Akagi leaving Celebes Island for the attack on Colombo, 26 March 1942. In the background are other carriers and battleships of the carrier striking force.
Japanese aircraft carrier Akagi in April 1942 during the Indian Ocean Raid as seen from an aircraft that has just taken off from her deck.
A Grumman Martlet fighter about to be catapulted from the flight deck of HMS Formidable.
British heavy cruiser Cornwall, on fire, listing, and sinking after being attacked by Japanese aircraft. Sister ship Dorsetshire was also sunk in this same attack.
British carrier Hermes sinking after taking at least 40 hits when being attacked by Japanese naval aircraft.
Beginning in February 1942 when boats formerly operating off Hawaii and the American West Coast were added to the mix, the Japanese submarine command rushed its units into the Indian Ocean, where they promptly sank nearly eighty-three thousand tons of Allied merchant shipping at almost no cost. In early April, Kido Butai, minus Kaga, sent home for repairs, entered the Indian Ocean in order to neutralize whatever British sea power and airpower remained on the western flank of Japan’s new Southeast Asian empire. Thousands of miles away, the American battle fleet remained smashed in the mud of Pearl Harbor, while the handful of U.S. carriers had begun hastily devised “pinprick” attacks on the eastern and southern perimeters of Japan’s imperium.
The British Admiralty, meanwhile, had hastily assembled a new “Eastern Fleet” in the waters near Ceylon (Sri Lanka) under Admiral James Somerville. On paper the fleet looked powerful enough: battleship Warspite and no fewer than four sisters of the Royal Sovereign class, plus two large modern carriers, Indomitable and Formidable; the old and small carrier Hermes; seven cruisers; and sixteen destroyers. But the force was much weaker than it seemed. The battleships, all veterans of Jutland, were poorly armed against antiaircraft attack and were known to be floating coffins. Hermes could deploy only a dozen obsolete fighter aircraft, while the two big carriers together embarked only fifty-eight slow biplane strike aircraft and thirty-three fighters of markedly inferior quality. The fighters could be wiped out in either the strike-escort or combat–air patrol mode by Nagumo’s fast and nimble Zeros, and the biplanes would be easy prey should they try to attack the Japanese task force. Once a British carrier strike was brushed aside, Nagumo’s superb torpedo planes and dive-bombers could go after the Eastern Fleet with impunity, and Somerville knew it. Not only were his battleships vulnerable to air assault, but so were his carriers. Built to withstand extensive bomb hits and to survive even devastating damage above decks, the Illustrious class had not been provided with similar protection against torpedoes. Indomitable “nearly sank after being hit by a single aircraft-launched torpedo in the Mediterranean in 1943.” Its sister Formidable was doubtless just as fragile, while Hermes had no protection at all.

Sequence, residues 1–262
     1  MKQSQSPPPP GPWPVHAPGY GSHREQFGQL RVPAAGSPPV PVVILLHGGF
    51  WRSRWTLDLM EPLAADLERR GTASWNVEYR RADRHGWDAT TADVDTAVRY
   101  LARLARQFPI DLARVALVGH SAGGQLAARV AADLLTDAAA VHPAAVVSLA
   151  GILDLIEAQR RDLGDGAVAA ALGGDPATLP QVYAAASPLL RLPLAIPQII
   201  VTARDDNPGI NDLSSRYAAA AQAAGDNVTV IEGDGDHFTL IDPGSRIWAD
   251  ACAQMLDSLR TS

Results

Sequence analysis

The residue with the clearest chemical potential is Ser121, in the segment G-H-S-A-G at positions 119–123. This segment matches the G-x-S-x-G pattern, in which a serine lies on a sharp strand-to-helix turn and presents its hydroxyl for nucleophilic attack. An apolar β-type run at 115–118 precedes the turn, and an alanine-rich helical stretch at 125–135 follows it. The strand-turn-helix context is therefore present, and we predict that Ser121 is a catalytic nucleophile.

Even before Nagumo appeared, Somerville had made the decision to employ his venerable and vulnerable vessels merely as a “fleet in being.” When Kido Butai devastated Ceylon and sank two British heavy cruisers and Hermes, Somerville, in a complicated series of maneuvers, evaded battle and then withdrew temporarily all the way to Mombasa in East African waters, while a small enemy task force under Vice Admiral Jisaburo Ozawa, built around the light carrier Ryujo, raided the Indian coast in the Bay of Bengal, destroying twenty-three merchant ships and leaving Indian coastal trade paralyzed for weeks.
Churchill was in despair. There seemed no way to stop the Japanese from dominating the entire Indian Ocean basin. On April 7 the prime minister wrote President Roosevelt that five and possibly six Japanese battleships—two or more armed with sixteen-inch guns that could blow the Royal Sovereigns to pieces— were lurking near Ceylon in company with Nagumo’s carrier task force. Somerville’s fleet would surely be overwhelmed in any battle with the enemy who had just completed the first of what would be two shattering air raids against the island. “The situation is therefore one of grave anxiety,” and the prime minister begged the president to order some sort of demonstration by the U.S. Pacific Fleet (which “must now be decidedly superior to the enemy forces”) in the Indian Ocean. Roosevelt, of course, could offer nothing, and Churchill arranged to land a hastily gathered invasion force on the northern tip of Madagascar, convinced that the Japanese were coming that way.
A young American naval officer who had escaped the cauldron of the Philippines expressed the attitude of perhaps exaggerated respect that unprepared Western Allies came to hold for their Oriental enemies in those first desperate months of the Pacific war when Nagumo’s Kido Butai was running wild:
Nobody knows anything about a war until it begins. Just two years before the Polish air force had been blown to hell on the ground. The French caught it the following spring. In spite of that, the same thing happened to our planes at Pearl Harbor. And yet two days later, in spite of all of it the Japs catch our air corps [at Clark Field] on Luzon with its pants down. Only that wasn’t the end. Months later, on my way out through Australia, I pass a big American field, and there they are, bombers and fighters parked in orderly rows, wing tip to wing tip. “Hell,” they told me, “The Japs are hundreds of miles away.” Except that’s where they’re always supposed to be when they catch you with your pants down, and I thought to myself, Jesus Christ, won’t these guys ever learn?